For the Spanish translation, you can find the full peice on the EL Páis website.

Year on year, there is an increasing number of weather-related fatalities occurring across Europe. Extreme climate events such as deadly summer heatwaves and flash flooding are becoming more frequent as the new climate reality takes hold. Moreover, a cost of living crisis compounded by volatile energy prices forced many households last year to choose between heating and eating as many more households fell into energy poverty. The primary causes of these issues can be traced back to Europe’s large inefficient building stock and linked with our high dependence on fossil fuels.

Spain is among the worst affected countries. Last year, Spain recorded 11,324 deaths that could be attributed to the extreme heat, the second worst in Europe (Italy was the worst with 18,010 deaths). Moreover, the country has recently endured its third record breaking heat wave this summer. 

Although the public health advice is to stay indoors, many Spanish homes are struggling to keep their homes at an adequate temperature due to rising energy costs. As extreme heatwaves are becoming more commonplace, energy poverty now poses serious health risks in the summer as proper air conditioning and ventilation become less affordable. 

Not Fit For Purpose

Unfortunately, 80% of the buildings in Spain are energy inefficient, 5% higher than the total inefficient building stock in the EU. The Spanish National Plan against Energy Poverty found that it is especially low-income households and the homes of the most vulnerable people in Spain that suffer from energy inefficiency.

On the flipside, figures released by Eurostat found that almost 8 million people in Spain were unable to keep their homes warm last winter. Over the last three years, the percentage of homes that could not keep adequately warm rose from 10.9% to 17.1% with inflation and the current cost of living crisis. 

Despite millions of people living in unfit housing, for decades, there has been close to no effort towards developing and implementing inclusive and ambitious EU building policies that could support the energy renovation of Spain’s inefficient buildings. Households are forced to rely on outdated, inefficient and pollutant heating and cooling systems that are powered by fossil fuels, leaving many exposed to energy price volatility. The continued use of fossil fuels also worsens the climate crisis which is the main culprit for these deadly summer heatwaves. 

In addressing these issues, the revision of the Energy Performance of Buildings Directive (EPBD) is a crucial starting point. The directive can be the catalyst that EU Member States such as Spain need in order to take urgent action in decarbonising their buildings, increase the renovation rate and ensure the replacement of fossil fuel-based heating systems with renewable heating solutions as soon as possible. 

Heating is one of the biggest expenses when it comes to many household’s budgets. Hence, adequate and sufficient EU and national funding should be allocated first to renovating the worst performing homes for low-income households. Subsidies for fossil fuel heating installations should be phased out by 2024 at the latest as they only keep the fossil fuel machine going, locking people into fossil fuels for decades to come.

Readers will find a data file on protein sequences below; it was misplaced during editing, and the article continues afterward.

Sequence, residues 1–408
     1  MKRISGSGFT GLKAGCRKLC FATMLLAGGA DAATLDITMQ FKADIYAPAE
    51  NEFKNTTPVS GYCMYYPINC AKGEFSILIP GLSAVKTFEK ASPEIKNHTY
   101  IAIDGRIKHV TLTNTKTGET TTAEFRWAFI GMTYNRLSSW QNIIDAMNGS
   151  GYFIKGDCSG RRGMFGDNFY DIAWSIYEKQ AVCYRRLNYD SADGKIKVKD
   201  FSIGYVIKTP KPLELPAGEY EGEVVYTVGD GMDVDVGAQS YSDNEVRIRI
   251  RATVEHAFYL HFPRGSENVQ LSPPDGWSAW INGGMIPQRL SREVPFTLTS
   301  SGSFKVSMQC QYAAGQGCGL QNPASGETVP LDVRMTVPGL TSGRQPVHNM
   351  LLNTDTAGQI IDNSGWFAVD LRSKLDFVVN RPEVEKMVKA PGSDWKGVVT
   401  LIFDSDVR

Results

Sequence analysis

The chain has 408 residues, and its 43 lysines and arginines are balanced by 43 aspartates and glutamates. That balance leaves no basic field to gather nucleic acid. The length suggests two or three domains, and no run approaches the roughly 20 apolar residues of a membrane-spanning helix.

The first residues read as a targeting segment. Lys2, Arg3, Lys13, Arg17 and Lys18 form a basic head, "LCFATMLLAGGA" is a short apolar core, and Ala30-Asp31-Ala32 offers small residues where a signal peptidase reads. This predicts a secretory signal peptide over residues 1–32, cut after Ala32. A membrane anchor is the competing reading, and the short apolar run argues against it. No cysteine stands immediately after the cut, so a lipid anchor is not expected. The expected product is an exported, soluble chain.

At present, there are approximately 68 million gas and 18 million oil boilers in residential buildings across the EU. Replacing 30 million oil and gas boilers with new heat pumps by 2030,  would result in a 36% reduction of the gas and oil consumption in these buildings and a 28% reduction of their CO2 emissions. To achieve this, public financing should be redirected away from fossil fuel and towards improving energy efficiency, building renovations and the installations of renewable heating and cooling technologies within the residential sector. 

Better buildings today for better lives tomorrow

Reducing energy consumption and costs, healthier and more comfortable homes and drastic reductions in greenhouse gas emissions are the benefits that can be unlocked by a holistic deep renovation wave across EU Member States. These are long-term solutions to many of the current crises Europe is facing now. 

Renovating Spain’s buildings, especially homes, will require efforts from both the private and public sector. Governments and the private sector need to join forces to scale up recruitment and training for engineers, installers, architects and planners to implement these widespread renovations.They need to ensure good working conditions (e.g. better safety conditions and wages), decent and direct job opportunities, improve qualification requirements, and roll-out large-scale educational initiatives to make certain that there is a sufficient supply of adequately qualified and certified workers that can deliver high quality work. It is also the responsibility of Governments to set ambitious and clear policy objectives within their National Energy and Climate Plans (NECPs). 

This all starts with delivering a socially and environmentally sound EU Buildings Directive. As trilogue discussions between the EU institutions continue, it is crucial that EU and national policymakers recognise the potential that a holistic deep renovation wave has in addressing the multiple crises Europe now faces. It is in their hands to deliver a legislative framework that prioritises people, the worst-performing buildings, and encompasses financial support, technical aid and strong social protection. 

Written by Eva Brardinelli, Buildings Policy Expert at CAN Europe and Mónica Vidal, Heating Campaigner at CAN Europe.